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Lawsuits, Hunting, and Bears - Oh My!

June 2020
Author: SCI

For decades Safari Club International (SCI) and the Safari Club International Foundation (SCIF) have been involved with issues related to hunting and conserving bears across North America. Engaging in lawsuits, grassroots campaigns, and scientific research, few organizations have been more involved with bears and bear hunting than SCI and SCIF.

Bears have a tough time staying out of trouble with livestock and trashcans. They also have a hard time staying out of courtrooms. SCI has a team of attorneys dedicated to defending the right to hunt and protecting science-based, sustainable-use conservation in courts throughout the country. They have recently been involved with three different cases involving bears.

Louisiana black bears were listed as a threatened species by the U.S. Fish & Wildlife Service (USFWS) in 1992. By 2016, recovery plan criteria were met and the bears were removed from the threatened species list. In 2018, multiple organizations challenged that decision. SCI was the only organization that defended the USFWS’s decision to delist the bears, and in 2020, a federal court dismissed the case based on SCI’s arguments. While it is unlikely that a hunt will be scheduled in the near future, delisting is an important first step to reopening a bear hunt in Louisiana once it becomes necessary to manage the population.

New Jersey has one of the densest black bear populations in North America with an estimated 3,500 bears roaming the state and sightings in all 21 counties. Prohibiting bear hunting was part of current Governor Phil Murphy’s campaign platform, and in 2018, he limited the hunt to the fullest extent of his authority by banning bear hunting on more than 700,000 acres of previously accessible public hunting grounds. SCI and its partners challenged the closure in New Jersey state court. That case is currently ongoing, but SCI has been involved in lawsuits related to bear hunting in New Jersey for over 15 years.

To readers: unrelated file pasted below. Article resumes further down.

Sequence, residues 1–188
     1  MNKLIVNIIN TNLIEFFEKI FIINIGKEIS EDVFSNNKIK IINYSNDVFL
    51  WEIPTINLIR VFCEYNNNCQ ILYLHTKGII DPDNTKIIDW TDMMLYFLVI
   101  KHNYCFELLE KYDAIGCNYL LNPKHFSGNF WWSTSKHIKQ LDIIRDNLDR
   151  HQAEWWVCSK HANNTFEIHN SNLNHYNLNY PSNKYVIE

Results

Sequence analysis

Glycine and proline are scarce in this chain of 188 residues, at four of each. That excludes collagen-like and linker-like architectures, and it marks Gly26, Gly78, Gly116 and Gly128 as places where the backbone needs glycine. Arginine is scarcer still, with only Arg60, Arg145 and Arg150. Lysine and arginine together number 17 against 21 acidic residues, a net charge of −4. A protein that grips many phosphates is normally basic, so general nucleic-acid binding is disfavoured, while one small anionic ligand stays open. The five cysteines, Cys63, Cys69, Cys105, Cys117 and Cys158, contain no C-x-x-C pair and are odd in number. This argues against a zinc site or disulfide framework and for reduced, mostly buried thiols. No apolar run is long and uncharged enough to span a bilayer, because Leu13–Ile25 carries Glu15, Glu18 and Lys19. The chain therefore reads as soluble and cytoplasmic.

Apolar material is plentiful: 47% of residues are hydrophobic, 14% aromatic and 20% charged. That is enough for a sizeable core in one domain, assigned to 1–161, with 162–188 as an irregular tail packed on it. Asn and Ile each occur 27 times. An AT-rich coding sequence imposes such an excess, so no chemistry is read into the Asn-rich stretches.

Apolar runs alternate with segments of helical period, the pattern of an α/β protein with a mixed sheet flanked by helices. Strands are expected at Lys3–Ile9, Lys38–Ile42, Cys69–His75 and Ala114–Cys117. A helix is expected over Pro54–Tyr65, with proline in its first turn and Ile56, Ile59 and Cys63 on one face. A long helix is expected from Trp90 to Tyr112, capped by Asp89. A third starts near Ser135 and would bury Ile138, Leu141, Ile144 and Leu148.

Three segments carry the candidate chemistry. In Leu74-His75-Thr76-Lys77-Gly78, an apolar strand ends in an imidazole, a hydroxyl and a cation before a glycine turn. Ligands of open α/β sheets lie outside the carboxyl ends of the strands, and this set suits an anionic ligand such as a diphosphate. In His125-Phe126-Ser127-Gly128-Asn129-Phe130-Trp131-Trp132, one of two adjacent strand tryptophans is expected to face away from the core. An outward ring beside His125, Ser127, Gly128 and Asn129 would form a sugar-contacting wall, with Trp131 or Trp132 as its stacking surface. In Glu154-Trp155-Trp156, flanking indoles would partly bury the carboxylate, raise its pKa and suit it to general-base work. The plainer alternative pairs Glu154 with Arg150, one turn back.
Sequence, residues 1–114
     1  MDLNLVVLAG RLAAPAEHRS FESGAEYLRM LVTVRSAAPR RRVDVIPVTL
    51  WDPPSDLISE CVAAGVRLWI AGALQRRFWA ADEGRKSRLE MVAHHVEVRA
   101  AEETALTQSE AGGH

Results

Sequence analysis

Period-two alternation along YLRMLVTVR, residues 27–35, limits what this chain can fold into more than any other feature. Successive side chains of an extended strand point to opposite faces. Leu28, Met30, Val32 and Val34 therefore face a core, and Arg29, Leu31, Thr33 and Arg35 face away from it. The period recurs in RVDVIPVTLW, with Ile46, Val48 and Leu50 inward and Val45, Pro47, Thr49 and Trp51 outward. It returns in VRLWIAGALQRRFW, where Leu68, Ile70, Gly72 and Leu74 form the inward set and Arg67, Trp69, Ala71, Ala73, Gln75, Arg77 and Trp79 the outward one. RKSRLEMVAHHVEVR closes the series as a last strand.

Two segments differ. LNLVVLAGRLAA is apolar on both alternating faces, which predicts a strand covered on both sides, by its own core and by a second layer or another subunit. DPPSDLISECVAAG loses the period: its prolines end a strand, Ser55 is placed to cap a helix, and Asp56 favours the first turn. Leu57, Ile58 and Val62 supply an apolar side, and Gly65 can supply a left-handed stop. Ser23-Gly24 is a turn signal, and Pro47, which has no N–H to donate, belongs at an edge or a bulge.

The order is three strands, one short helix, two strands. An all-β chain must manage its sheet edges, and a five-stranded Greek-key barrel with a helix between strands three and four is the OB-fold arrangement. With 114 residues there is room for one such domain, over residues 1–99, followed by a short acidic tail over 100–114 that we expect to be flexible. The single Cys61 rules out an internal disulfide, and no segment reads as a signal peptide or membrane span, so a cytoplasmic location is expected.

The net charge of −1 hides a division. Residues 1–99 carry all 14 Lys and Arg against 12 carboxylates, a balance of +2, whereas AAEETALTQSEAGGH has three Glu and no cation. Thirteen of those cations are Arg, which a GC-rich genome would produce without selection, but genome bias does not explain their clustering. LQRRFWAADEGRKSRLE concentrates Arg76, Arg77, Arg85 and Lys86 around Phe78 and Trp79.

Grizzly bears were listed as threatened in the lower 48 states in 1975 due to low population numbers and reduced range. However, grizzly bear populations have recovered in recent decades with established and expanding populations in Montana, Wyoming, and Idaho. SCI has been involved in lawsuits defending the USFWS’s attempts to delist the grizzly bears for over a decade and has argued in favor of hunting as a valuable tool for managing
grizzly populations.

SCI is currently involved in bear-related lawsuits in Alaska and Idaho as well. The organization has invested heavily in defending bear hunting and the science supporting it. SCIF has helped develop that science, having funded several research projects on both brown and black bears throughout North America in recent years. SCI also recently lead a grassroots campaign in support of authorizing a permanent spring bear hunting season in Ontario, and SCI’s Government Affairs team is currently monitoring several pieces of legislation related to bear management on both the state and federal level. SCI and SCIF will continue their effort to ensure hunting continues to be part of bear conservation programs.